came to Bangladesh along with the 200,000 persecuted Rohingyas from Myanmar.
Pakistan’s ISI, waiting in the wings, tied up with BJeI to turn Bangladesh into
a launching pad to stage attacks in neighboring India.
BJeL and its student wing, Islami Chhatra Shibir (ICS), the
Jagrato Muslim Janata Bangladesh (JMJB) and Jamatul Mujahideen Bangladesh (JMB)
attacked Hindus , Ahmadiyas and Awami League workers.
The JMJB and JMB merged under the leadership of Sheikh Abdur
Rahman and Siddiqur Rahman, known as “Bangla Bhai” (Bengali Brothers). The
Bangla Bhai became popular for providing instant justice. Mainstream
politicians cultivated the “Bangla Bhai” and ran protection rackets with them
till the BNP government led by Prime Minister Begum Zia felt the need to
control them. The Rapid Action Battalion (RAB) was set up to fight the menace.
In August 2005, the JMB set off 459 bombs simultaneously in
63 of Bangladesh’s 64 districts to push the country into adopting Sharia law.
The Harkat-ul-Jihad-al Islami Bangladesh (HuJI-B), founded in 1992, issued
death threats against the feminist author Taslima Nasreen, who had to flee from
Bangladesh. It tried to assassinate Prime Minister Sheikh Hasina.
The Pakistan-based Lashkar-e-Taiba (LeT) staged many attacks
in Bangladesh. Many Bangladeshis resident in the UK went to Syria to fight
alongside the Islamic State (IS). Adept at using sophisticated communication
technologies ,the IS influenced well educated and well heeled young Bangladeshi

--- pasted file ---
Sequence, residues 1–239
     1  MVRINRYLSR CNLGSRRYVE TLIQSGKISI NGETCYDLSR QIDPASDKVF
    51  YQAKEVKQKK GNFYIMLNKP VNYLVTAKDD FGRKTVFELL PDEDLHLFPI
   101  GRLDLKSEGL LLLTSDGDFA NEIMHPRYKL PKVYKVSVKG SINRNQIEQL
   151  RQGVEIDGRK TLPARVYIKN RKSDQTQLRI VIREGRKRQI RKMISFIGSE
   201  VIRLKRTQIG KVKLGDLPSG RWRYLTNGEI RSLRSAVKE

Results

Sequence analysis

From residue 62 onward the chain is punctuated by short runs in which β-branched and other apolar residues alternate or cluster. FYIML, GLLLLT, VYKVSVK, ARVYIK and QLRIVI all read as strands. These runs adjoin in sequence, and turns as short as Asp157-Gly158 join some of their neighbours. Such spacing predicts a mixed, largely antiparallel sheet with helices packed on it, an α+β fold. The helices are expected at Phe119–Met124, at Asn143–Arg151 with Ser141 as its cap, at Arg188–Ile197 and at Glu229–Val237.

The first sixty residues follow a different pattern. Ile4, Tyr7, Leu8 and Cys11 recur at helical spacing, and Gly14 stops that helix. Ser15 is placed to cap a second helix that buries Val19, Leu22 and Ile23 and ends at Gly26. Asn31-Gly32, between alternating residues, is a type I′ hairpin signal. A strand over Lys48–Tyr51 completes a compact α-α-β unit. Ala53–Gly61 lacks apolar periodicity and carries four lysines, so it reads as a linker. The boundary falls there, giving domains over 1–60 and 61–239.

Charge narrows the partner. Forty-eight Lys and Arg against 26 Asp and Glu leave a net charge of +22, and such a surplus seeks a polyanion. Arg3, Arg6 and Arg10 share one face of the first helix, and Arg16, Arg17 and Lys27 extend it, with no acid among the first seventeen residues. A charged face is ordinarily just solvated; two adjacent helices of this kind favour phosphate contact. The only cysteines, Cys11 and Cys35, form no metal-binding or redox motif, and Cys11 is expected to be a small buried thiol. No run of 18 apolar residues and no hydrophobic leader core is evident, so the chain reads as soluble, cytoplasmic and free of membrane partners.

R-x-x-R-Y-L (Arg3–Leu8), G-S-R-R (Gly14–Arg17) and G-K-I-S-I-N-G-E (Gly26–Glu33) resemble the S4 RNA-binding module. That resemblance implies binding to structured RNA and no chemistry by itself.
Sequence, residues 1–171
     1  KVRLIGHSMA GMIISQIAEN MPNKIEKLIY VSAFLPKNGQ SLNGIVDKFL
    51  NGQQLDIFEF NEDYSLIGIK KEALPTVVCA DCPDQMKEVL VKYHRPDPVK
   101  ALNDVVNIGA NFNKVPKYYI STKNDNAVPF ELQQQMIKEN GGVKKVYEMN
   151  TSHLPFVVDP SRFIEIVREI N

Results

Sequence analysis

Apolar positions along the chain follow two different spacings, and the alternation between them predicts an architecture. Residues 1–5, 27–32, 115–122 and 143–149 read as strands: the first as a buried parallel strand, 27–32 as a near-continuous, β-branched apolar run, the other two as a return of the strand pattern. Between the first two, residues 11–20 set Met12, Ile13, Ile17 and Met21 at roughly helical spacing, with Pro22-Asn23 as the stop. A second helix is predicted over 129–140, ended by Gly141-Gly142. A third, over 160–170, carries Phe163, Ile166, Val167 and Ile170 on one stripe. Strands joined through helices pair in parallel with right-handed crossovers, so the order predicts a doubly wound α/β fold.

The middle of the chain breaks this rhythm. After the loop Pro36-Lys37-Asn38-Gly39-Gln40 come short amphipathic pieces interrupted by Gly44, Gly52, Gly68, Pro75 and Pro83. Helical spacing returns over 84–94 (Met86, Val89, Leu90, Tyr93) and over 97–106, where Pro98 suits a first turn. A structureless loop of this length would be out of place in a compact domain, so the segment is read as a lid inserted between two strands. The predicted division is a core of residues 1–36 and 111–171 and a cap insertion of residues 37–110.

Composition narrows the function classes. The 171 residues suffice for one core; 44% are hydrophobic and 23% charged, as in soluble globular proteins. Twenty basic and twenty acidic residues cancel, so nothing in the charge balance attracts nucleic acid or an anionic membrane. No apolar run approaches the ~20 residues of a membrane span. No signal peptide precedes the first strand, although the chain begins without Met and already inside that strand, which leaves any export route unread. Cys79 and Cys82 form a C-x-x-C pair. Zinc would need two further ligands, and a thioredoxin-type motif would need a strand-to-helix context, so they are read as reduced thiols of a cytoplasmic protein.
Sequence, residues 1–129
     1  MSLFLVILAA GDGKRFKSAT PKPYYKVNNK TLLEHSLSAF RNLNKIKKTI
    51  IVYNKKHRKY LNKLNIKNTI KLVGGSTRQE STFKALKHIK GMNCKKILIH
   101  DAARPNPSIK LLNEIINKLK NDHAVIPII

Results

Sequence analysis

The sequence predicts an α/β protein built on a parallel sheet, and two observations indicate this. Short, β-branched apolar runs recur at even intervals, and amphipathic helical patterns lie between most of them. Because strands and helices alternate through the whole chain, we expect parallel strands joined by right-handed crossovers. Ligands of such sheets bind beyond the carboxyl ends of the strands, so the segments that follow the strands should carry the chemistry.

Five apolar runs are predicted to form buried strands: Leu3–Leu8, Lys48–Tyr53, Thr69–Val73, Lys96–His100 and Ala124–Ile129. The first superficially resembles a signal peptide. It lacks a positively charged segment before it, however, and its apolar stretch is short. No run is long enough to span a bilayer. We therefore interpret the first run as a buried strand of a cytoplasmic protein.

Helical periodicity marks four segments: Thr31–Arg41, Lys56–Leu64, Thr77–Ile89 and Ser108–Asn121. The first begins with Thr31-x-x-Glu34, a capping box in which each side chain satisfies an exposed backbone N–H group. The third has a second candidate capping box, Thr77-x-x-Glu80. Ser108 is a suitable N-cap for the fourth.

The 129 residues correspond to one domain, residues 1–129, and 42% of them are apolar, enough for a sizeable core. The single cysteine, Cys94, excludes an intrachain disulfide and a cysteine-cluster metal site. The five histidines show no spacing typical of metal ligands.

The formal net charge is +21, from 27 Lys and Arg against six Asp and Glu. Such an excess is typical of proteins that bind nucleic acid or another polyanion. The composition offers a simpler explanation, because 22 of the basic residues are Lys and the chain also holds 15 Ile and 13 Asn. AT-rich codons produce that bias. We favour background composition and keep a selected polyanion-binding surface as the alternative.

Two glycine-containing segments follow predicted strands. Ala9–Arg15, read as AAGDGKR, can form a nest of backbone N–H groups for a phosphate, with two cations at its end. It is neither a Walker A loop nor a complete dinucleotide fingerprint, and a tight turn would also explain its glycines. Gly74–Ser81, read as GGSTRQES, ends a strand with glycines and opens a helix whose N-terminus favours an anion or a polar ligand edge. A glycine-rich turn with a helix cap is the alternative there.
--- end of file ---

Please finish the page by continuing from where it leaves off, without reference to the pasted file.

The killers of 18 foreigners and two Bangladeshis in the
up-market Holey Artisan Bakery in Dhaka on July 1, 2016, were well heeled
students from Dhaka’s private North-South University.
In 2009, despite the wide berth given by the predecessor BNP
regime to Islamic radicals, Sheikh Hasina set up a War Crimes Tribunal to try
persons who had committed war crimes during the liberation struggles as
auxiliaries of the Pakistani army. There had been a mass student movement since
2007 seeking the trial of war criminals.
But the Jamaat-e-Islami, the main target of the trials, and
human rights groups cried foul saying that the procedures did not accord with
international norms. Apart from Pakistan which passed many resolutions against
the trials, Malaysian leader Mahathir Mohammad and Turkish leader Erdogan
appealed for clemency. But Sheikh Hasina was undeterred. The trials continued
and many were sent to the gallows.
Hasina was adept at resisting foreign pressure. When the US
put tremendous pressure to get Bangladesh to let an island be used as a US
base, she put her foot down.
Hasina was undeterred even by the country-wide mayhem
unleashed by the Jamaat because she had the support of Bangladeshi youth,
including youth from the private universities. In 2013, the broad-based Shahbad
movement backed her to the hilt, demanded capital punishment and a ban on the
Explaining this, a Bangladeshi commentator said: “The world
was unaware that a whole generation of Bangladeshis had grown up with no love